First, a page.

Just like in Marie Kondo’s guide to decluttering we should learn to uncommit from things and possessions by practicing our decision-making muscles. I like her approach to choosing clothes to keep: "does it bring me joy?" - which helps us fight our internal urge to keep everything we’ve got.

We have a bias when it comes to non-essential activities as well as belongings. When we feel we own an activity it becomes harder to uncommit. Only when we admit we have made a mistake in committing to something, can we make a mistake a part of our past.

Greg McKeown also admitted that a phrase that helps him uncommit is this one:

You are not married to this.

The problem is that we’re just saying YES to too many things easily:

Stop making casual commitments. Every use of time energy or resources have to justify itself anew - if it no longer fits, eliminate it altogether!

It’s this attitude that we think what we do for others really matters... when in fact it very often doesn’t - so ask yourself this:

Are there commitments you routinely make to customers colleagues friends or even family members that you have always assumed made a big difference to them but in fact they might barely notice?

There’s also this problem of letting go of things that are very dear to us... but no longer serve their purpose:

Kill your darlings! Even when this breaks your egocentric heart, kill your darlings!

Which leads us to editing...

Editing is key - become an editor, curator...

This is something I keep struggling with - as the founder and leader of Nozbe:

CEO has to be chief editor of the company. A good editor is someone who uses deliberate subtraction to actually add life to the ideas setting plot and characters.

I can see that in some of the code my programmers are writing. Sometimes they are literally adding features by removing lines of code...

An essentialist produces more, brings forth more, by removing more instead of doing more.

That’s why we need time and focus for editing.

To write is human, to edit is divine...

When I’m editing our home movies I know how much time it takes me but the outcome is well worth it:

Becoming an essentialist means making cutting, condensing and correcting a natural part of our daily routine. It means making editing a natural cadence in our lives.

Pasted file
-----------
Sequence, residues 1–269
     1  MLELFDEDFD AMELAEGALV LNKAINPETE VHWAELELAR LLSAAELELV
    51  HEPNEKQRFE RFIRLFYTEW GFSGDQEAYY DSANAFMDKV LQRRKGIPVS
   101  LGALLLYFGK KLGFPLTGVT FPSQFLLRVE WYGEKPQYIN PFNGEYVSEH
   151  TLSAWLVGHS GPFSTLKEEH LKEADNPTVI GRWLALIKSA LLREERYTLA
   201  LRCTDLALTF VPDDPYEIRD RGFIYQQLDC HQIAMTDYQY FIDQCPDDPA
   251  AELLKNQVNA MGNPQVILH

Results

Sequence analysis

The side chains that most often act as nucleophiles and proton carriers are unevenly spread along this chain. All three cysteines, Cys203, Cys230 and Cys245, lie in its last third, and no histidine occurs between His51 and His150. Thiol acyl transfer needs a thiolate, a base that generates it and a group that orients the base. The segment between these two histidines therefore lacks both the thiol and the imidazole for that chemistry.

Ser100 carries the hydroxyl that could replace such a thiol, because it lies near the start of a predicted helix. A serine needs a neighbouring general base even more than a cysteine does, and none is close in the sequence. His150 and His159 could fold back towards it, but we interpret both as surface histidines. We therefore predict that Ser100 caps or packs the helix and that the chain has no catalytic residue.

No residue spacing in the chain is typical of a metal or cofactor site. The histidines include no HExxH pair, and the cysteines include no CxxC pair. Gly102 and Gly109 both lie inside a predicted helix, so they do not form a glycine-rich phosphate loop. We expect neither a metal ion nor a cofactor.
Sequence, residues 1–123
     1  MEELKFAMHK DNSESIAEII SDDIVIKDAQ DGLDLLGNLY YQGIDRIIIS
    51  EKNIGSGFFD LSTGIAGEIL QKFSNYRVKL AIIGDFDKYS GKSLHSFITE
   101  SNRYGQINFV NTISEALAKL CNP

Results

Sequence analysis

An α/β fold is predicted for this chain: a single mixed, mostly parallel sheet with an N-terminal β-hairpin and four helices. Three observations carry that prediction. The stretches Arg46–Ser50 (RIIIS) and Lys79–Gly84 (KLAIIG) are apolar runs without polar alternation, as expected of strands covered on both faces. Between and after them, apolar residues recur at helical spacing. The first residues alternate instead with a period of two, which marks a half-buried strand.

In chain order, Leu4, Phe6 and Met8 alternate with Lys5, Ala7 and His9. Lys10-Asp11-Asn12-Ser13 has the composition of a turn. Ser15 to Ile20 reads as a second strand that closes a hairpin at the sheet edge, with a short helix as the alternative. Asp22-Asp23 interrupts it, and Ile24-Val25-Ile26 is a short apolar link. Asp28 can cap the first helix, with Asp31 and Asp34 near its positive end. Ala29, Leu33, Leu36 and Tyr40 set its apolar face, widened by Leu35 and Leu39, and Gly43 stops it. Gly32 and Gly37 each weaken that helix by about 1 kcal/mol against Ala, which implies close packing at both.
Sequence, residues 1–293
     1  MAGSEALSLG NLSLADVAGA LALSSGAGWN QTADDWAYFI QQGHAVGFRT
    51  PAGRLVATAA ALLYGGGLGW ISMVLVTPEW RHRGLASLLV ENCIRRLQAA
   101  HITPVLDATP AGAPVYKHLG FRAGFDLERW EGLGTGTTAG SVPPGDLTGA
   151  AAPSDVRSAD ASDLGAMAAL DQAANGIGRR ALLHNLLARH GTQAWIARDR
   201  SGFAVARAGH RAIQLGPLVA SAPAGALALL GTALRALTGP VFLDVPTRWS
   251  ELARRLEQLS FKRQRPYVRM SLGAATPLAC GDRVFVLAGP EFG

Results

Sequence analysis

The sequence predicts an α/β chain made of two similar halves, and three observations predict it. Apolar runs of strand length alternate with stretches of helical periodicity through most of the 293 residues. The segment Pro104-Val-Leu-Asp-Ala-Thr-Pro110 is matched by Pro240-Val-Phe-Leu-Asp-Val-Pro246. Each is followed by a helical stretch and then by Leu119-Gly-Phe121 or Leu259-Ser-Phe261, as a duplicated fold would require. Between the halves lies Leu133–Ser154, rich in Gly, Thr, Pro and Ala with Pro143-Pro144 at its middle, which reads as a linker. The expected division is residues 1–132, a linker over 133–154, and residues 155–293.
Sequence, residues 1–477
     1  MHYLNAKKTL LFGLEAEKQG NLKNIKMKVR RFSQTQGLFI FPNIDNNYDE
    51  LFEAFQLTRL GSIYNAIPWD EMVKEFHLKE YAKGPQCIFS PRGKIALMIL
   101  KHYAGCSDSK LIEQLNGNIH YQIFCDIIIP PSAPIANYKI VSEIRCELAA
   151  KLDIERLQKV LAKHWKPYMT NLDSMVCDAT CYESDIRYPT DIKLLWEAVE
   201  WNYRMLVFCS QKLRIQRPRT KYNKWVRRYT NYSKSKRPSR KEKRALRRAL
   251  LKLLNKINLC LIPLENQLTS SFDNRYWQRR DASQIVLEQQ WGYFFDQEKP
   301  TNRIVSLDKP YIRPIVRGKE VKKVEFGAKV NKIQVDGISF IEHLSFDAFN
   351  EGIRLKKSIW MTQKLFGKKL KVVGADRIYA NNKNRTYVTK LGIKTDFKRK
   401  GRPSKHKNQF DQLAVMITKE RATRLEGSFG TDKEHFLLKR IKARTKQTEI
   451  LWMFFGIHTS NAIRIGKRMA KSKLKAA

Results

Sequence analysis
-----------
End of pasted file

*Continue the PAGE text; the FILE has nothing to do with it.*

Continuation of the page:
Embrace the constraints...

Very often we believe constraints are our problems, but again, we should embrace them:

Limits set boundaries. If you have limits you will become limitless.

Limits and constraints are blessing in disguise as they let us focus on what’s truly essential.

Create buffer, add margins...

One of the certainties of life is that it’s very uncertain, that’s why:

The essentialist looks ahead. She plans, she prepares for different contingencies, she expects the unexpected, she creates buffer to prepare for the unforeseen.

You might want to think you’re completely in control but you never truly are:

Essentialist accept the reality that we can never fully anticipate or prepare for every scenario or eventuality. The future is simply too unpredictable. Instead they build in buffers to reduce the friction caused by the unexpected.

That’s why we need to plan buffers, give ourselves some additional space and time to have it when we truly need it in order to execute calmly and without too much stress.

Keep walking - Minimum Viable Progress

In the "startup world" there’s the concept of MVP - Minimum Viable Product - which means you’re building a prototype that focuses on just getting the essential job done and nothing else.

I believe in small wins and small steps - and so does Greg McKeown in this book - he introduces the concept of Minimum Viable Progress:

It's all about progress. It's about small wins. Of all the things that can boost emotions motivation and perceptions during a workday, the single most important is making progress in meaningful work.